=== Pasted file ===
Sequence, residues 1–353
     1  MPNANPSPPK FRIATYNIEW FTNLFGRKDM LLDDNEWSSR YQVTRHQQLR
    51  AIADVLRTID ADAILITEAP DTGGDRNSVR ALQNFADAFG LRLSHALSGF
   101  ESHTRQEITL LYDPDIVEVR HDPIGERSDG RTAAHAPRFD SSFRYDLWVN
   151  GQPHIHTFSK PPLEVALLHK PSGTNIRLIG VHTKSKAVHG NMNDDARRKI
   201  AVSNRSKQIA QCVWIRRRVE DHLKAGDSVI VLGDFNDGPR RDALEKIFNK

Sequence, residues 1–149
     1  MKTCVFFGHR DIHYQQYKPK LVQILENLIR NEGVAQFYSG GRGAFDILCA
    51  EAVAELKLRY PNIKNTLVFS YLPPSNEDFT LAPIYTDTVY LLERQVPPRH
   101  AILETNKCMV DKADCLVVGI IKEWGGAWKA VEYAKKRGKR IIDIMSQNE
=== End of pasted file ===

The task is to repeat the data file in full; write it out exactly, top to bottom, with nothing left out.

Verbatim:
Sequence, residues 1–353
     1  MPNANPSPPK FRIATYNIEW FTNLFGRKDM LLDDNEWSSR YQVTRHQQLR
    51  AIADVLRTID ADAILITEAP DTGGDRNSVR ALQNFADAFG LRLSHALSGF
   101  ESHTRQEITL LYDPDIVEVR HDPIGERSDG RTAAHAPRFD SSFRYDLWVN
   151  GQPHIHTFSK PPLEVALLHK PSGTNIRLIG VHTKSKAVHG NMNDDARRKI
   201  AVSNRSKQIA QCVWIRRRVE DHLKAGDSVI VLGDFNDGPR RDALEKIFNK

Sequence, residues 1–149
     1  MKTCVFFGHR DIHYQQYKPK LVQILENLIR NEGVAQFYSG GRGAFDILCA
    51  EAVAELKLRY PNIKNTLVFS YLPPSNEDFT LAPIYTDTVY LLERQVPPRH
   101  AILETNKCMV DKADCLVVGI IKEWGGAWKA VEYAKKRGKR IIDIMSQNE